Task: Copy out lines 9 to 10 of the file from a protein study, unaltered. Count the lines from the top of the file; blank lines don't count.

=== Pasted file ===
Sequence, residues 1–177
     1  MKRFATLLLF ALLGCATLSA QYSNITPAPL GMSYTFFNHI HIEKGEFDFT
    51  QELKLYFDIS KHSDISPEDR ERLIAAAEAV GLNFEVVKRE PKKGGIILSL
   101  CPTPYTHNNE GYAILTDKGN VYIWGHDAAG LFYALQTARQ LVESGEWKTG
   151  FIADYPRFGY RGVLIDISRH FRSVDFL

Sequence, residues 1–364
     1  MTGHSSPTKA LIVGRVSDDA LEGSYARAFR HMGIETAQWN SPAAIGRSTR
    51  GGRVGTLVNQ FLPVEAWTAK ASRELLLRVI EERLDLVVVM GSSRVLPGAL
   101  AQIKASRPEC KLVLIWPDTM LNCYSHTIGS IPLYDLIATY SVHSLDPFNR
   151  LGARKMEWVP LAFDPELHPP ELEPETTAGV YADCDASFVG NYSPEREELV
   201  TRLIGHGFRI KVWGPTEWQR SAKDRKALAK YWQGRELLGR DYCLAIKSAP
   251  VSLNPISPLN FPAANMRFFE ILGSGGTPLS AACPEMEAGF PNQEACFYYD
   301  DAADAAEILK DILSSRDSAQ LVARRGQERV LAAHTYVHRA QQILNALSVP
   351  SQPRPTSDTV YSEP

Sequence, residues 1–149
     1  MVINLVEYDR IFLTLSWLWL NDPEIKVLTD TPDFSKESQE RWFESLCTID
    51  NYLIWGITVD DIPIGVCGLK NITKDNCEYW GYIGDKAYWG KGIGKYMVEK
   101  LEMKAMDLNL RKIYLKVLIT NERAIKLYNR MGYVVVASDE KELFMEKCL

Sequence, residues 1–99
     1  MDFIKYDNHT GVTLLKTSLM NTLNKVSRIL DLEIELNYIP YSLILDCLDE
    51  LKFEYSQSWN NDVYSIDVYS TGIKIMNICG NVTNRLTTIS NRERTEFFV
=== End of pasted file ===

   101  AQIKASRPEC KLVLIWPDTM LNCYSHTIGS IPLYDLIATY SVHSLDPFNR
   151  LGARKMEWVP LAFDPELHPP ELEPETTAGV YADCDASFVG NYSPEREELV